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Color and Money

How Color Affects us Emotionally and Financially

 

by Nikki Willhite

 

When you think of color you may not think about money.  However color is a major factor in many of our expenditures. We waste a lot of money because of color in many different ways.

 

Millions of dollars have been spent designing colors for the packaging of items so that we will buy them when we go shopping. Fashion designers decide what the colors we should be wearing each season. As we try and find clothes to wear in our closets, color is often the key to whether we feel we have enough clothes or have to go out and buy more. Color affects the way our homes look, and our buying decisions. Many of the things we buy are for no other reason than we need something to go with something else in the right color.

 

Color is very emotional. It appeals to our sense of vision in the same way that music appeals to our sense of hearing. Some colors are universally appealing, while other colors appeal differently to people. Making color decisions in our life can be frustrating. Yet, how boring the world would be if everything was beige or white.

 

Do you have any colors that you do not like? How about color combinations? Do you have any you particularly dislike? Color evokes different emotional responses. Here are just a few of them to some of the more common colors:

 

Reds
Bright Red- Aggressive, Vibrant, Energizing
Dark Red- Sophisticated, Rich, Old World

 

Pinks
Bright Pink- Party Time, Fun.
Pale Pink- Calming, naive

 

Yellows
Bright Yellow- Stimulating, cheerful
Pale Yellow- Compassion, intellectual, spiritual
Gold- Wealth, power

Blues
Medium Blue- Safety, Relaxation, Recreation
Pastel Blue- Calm, Insecurity, Cold, Introspective
Dark Blue- Conservative, Secure, Trust, Authoritative

 

Greens
Medium Green- Earthy, Safe, Comfortable
Light Green- Inexperienced, New Growth, Youth
Dark Green- Secure, wealth, Good Judgment
Blue Green- Artistic, romantic

 

Oranges
Medium Orange- Exciting, Earthy, Common
Pale Orange- Comfortable, stress-reducing

 

Purples
Medium Purple- Theatrical, Gaudy, Serious, Spiritual
Pale Purple- Sweet, sensuous, imaginative

 

Neutrals
Beige- Calm, Earthy, Natural, Passive
Grey- Non-committal, cold, sophisticated
Black- Dramatic, Stimulating, Oppressive
White- Pure, Clean, Crisp, Cool

Green - the "new" neutral - serene, earthy, warm

 

Every color has many different shades. Here are four groups of colors that people respond to in a fairly typical way.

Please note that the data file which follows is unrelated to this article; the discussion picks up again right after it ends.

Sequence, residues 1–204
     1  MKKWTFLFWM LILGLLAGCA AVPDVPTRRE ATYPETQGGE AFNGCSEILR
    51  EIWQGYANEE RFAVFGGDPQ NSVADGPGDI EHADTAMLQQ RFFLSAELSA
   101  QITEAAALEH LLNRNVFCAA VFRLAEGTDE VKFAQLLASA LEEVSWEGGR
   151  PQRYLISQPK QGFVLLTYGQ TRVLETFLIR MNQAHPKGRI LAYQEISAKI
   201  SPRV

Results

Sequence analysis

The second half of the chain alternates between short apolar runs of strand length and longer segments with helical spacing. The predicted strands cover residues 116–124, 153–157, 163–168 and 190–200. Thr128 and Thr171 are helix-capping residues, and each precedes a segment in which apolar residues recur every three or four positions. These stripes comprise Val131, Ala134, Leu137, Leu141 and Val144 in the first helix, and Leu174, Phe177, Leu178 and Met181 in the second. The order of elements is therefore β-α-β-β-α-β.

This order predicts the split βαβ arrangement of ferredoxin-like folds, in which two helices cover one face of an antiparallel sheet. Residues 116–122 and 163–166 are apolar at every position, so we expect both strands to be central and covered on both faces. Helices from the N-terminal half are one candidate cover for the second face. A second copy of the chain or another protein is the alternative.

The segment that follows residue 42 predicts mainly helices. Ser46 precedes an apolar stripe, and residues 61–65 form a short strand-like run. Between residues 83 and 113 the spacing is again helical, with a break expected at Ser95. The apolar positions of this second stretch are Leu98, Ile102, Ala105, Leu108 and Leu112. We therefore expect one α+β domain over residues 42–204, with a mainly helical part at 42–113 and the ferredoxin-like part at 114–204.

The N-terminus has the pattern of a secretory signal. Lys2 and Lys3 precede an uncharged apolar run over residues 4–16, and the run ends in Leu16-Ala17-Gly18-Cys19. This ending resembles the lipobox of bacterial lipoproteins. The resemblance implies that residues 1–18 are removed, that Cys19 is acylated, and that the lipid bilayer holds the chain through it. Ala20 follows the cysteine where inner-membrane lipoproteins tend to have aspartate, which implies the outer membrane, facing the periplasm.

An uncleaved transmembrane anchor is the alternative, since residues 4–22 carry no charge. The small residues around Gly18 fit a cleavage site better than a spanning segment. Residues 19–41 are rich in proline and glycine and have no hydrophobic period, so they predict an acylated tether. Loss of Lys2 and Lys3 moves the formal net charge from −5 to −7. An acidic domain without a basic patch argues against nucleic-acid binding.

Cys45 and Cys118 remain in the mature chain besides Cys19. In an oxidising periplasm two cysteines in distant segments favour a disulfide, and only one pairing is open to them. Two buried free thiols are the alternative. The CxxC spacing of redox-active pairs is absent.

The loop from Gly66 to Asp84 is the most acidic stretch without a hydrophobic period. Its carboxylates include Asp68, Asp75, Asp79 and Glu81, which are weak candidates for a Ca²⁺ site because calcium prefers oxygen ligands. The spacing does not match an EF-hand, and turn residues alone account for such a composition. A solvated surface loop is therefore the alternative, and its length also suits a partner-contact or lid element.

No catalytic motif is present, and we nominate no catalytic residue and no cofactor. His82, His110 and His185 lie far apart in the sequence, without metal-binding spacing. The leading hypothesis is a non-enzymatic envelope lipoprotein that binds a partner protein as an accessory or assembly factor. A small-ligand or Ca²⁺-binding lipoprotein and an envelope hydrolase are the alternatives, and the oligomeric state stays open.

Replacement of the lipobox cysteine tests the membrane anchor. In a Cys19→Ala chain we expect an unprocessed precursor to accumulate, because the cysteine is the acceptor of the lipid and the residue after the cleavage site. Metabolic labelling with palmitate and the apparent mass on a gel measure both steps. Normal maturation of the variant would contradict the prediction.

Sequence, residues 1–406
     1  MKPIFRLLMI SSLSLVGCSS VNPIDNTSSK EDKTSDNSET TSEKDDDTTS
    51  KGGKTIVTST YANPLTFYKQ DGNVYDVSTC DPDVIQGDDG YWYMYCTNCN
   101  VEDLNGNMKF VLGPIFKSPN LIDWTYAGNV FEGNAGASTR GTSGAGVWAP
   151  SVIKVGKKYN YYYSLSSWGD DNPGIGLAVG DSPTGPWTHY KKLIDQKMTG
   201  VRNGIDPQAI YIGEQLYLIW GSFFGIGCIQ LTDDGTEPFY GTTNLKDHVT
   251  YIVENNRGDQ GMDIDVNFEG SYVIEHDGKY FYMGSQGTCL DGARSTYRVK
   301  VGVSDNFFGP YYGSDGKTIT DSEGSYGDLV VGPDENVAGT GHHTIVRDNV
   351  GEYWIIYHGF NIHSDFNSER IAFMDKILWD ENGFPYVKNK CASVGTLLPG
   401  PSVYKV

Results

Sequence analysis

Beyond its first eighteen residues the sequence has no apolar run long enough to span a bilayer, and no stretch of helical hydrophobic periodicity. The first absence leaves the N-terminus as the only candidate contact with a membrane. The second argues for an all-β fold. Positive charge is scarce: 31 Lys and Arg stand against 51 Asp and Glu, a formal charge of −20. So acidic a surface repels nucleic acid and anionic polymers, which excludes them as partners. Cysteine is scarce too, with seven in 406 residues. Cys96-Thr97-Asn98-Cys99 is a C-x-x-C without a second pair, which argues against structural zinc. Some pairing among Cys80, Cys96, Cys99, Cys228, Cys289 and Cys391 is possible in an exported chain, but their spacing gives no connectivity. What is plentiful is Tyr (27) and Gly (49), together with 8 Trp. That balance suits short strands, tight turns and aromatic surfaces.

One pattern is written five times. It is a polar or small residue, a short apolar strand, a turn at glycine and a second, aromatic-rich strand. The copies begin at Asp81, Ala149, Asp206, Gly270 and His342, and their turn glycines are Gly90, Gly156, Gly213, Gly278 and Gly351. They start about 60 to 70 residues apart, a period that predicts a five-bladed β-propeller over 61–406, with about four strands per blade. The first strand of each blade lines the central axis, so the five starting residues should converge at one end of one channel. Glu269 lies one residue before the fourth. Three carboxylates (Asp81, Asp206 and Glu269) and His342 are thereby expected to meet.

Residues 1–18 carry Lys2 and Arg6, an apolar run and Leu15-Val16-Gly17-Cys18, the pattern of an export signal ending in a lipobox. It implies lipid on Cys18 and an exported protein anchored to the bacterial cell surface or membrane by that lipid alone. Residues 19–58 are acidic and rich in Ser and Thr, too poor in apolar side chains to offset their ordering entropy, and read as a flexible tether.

1. Colors that are light and pure make you feel happy, although they are not viewed as "serious    colors."

 

2. Colors that are toned down, such as bright red to raspberry, are more calming, but can be viewed as more boring.

 

3. Rich colors, in medium to dark shades, like jewel tones, are stimulating and dramatic. They may induce feelings of  insecurity or boredom.

 

4. Dark and Dull colors are considered serious, profound, and introverted.

 

Think of how these colors are applied in fashion. You don't see many steel gray bathing suits. Summer fun clothes are in the first group of colors. Most business apparel is in the fourth group.

 

The great thing about color is that it doesn't cost extra money.  If you are painting your walls, it doesn't cost any more money to paint them in a color you like than one you don't like. The trick is getting it right.

 

Sometimes you have to make do with what we have. Other times, you have a choice. Perhaps you don't have to buy an item in a color you don't like if you look a little longer. It may be a good deal on the price, but if you aren't going to enjoy looking at it, or wearing it because of the color, it is not a good deal for you.

 

Think about color this week. Think about which colors you enjoy looking at. Which colors reflect your personality? How do you want to be perceived? Is there anything that you enjoy looking at just because of the color?

 

Take the time to organize your thoughts about your color preferences.  You will shop faster, and you will be happier with what you purchase, and waste less money.

 

About the Author: Nikki Willhite, mother of 3 and an interior design graduate, has been writing and publishing articles on the topic of frugal living for over a decade. Visit her at www.frugalhappyfamilies.com - where you will find hundreds of frugal living tips and articles. Frugal Happy Families- more than just money! 

 

 

 

 

 

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